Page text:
Mission Statement

The mission of the Buckhead Community Improvement District is to create and maintain a safe, accessible and livable urban environment. We meet the challenges of growth by investing tax dollars collected from commercial property owners within the district, as well as other funds we leverage from outside the district, to make meaningful improvements in the transportation network and public realm that connect people and places.

About Us

History: The Buckhead Community Improvement District (BCID) was formed in 1999 and has funded projects and programs addressing transportation needs and other aspects of the public realm that have set the stage for Buckhead’s commercial core to be a more walkable, livable urban center.

The mission of the BCID is to create and maintain a more accessible and livable urban environment. We meet the challenges of growth by investing tax dollars collected from commercial property owners within the district, as well as other funds we leverage from outside the district, to make meaningful improvements in the transportation network and public realm that connect people and places.

Board Of Directors

  • David Allman
    David Allman Chairman, President, Regent Partners, Inc.
  • Robin T. Suggs
    Robin T. Suggs General Manager, Lenox Square/Phipps Plaza, Simon Properties
  • Matt Rendle
    Matt Rendle Senior Vice President, Property Management Selig Enterprises, Inc.
  • Herbert Ames
    Herbert Ames Vice President, Southeast, EDENS
  • Jim Bacchetta
    Jim Bacchetta Vice President, Atlanta Division Highwoods Properties
  • Thad Ellis
    Thad Ellis Senior Vice President, Cousins Properties Incorporated
  • Robin C. Loudermilk, Jr.
    Robin C. Loudermilk, Jr. President and C.E.O., The Loudermilk Companies
  • Tom Boyer
    Tom Boyer General Manager, JW Marriott Atlanta Buckhead
  • Howard Shook
    Howard Shook Finance Chair, Council Member, District 7, Atlanta City Council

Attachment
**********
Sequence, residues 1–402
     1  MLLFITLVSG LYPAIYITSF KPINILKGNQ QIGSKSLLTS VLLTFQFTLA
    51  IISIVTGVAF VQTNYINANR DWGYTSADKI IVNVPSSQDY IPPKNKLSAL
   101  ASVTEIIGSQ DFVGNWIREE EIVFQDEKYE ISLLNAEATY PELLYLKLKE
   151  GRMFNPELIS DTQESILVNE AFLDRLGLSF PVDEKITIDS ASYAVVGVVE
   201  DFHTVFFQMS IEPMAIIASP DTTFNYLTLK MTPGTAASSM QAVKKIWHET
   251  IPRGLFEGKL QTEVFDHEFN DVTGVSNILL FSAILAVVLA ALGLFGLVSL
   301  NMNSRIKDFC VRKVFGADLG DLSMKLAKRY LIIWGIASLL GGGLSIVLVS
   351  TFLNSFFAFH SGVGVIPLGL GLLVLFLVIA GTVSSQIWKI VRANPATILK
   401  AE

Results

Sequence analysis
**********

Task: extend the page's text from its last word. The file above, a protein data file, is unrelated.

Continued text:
Our Staff

FAQs

What is a community improvement district (CID)?

CIDs are not non-profit organizations, but are best defined as “local government entities”.  Authorized by Article IX, Section VII of the Georgia Constitution, a CID is a mechanism for funding certain governmental services including street and road construction and maintenance, parks and recreation, storm water and sewage systems, water systems, public transportation systems, and other services and facilities. The administrative body of the CID may levy taxes, fees and assessments within the CID, not to exceed 2.5 percent of the assessed value of the real property. Such taxes, fees and assessments may only be levied on real property that is used for non-residential purposes and revenues may be used only to provide governmental services and facilities within the CID. Bonded debt is permitted, but such debt may not be considered an obligation of the state or any other unit of government other than the CID.  In 2010, the Council for Quality Growth created this video to explain CIDs.

What is the Buckhead CID tax millage and how much has been raised and spent?

Non-residential property owners within the CID pay an additional 3 mils (3 dollars for every $1,000 in assessed property value) of property taxes to fund the CID’s operations. A total of approximately $61.5 million in taxes has been spent or obligated since the inception of the CID in late 1999 through 2014.  Through 2014 we have attracted an additional investment of approximately $102 million from other sources which has helped our tax dollars to go further. Almost 97% of funds raised have gone directly to our projects, plans and programs, with only 3% going toward administrative expenses, which includes management of our projects and programs.

With such a small staff, how does the CID get its work done?

We do our work through partnership and collaboration with various organizations and institutions, as well as by contracting out considerable planning, design, construction, and maintenance work. (We are also pretty darned good at what we do.) The Buckhead Community Improvement District seeks to provide opportunities for disadvantaged and/or minority-owned businesses in its contracts and has a goal of 15% participation by such qualified organizations.

How big is the CID?

Roughly 1,594 acres, or about 2.5 square miles.

What opportunities exist for the public to review and comment on Buckhead CID activities?

All monthly meetings of the Buckhead CID board of directors are open to the public. Dates, times and the location of these meetings can be found on the “Events” link on this website. The CID also has a strong history of reaching out to diverse stakeholders, including property owners, business owners, civic organizations, and residents, for input into our plans, projects, and programs.

Contact Us

Looking to get involved or in contact with the CID? Contact us by filling out the form below.

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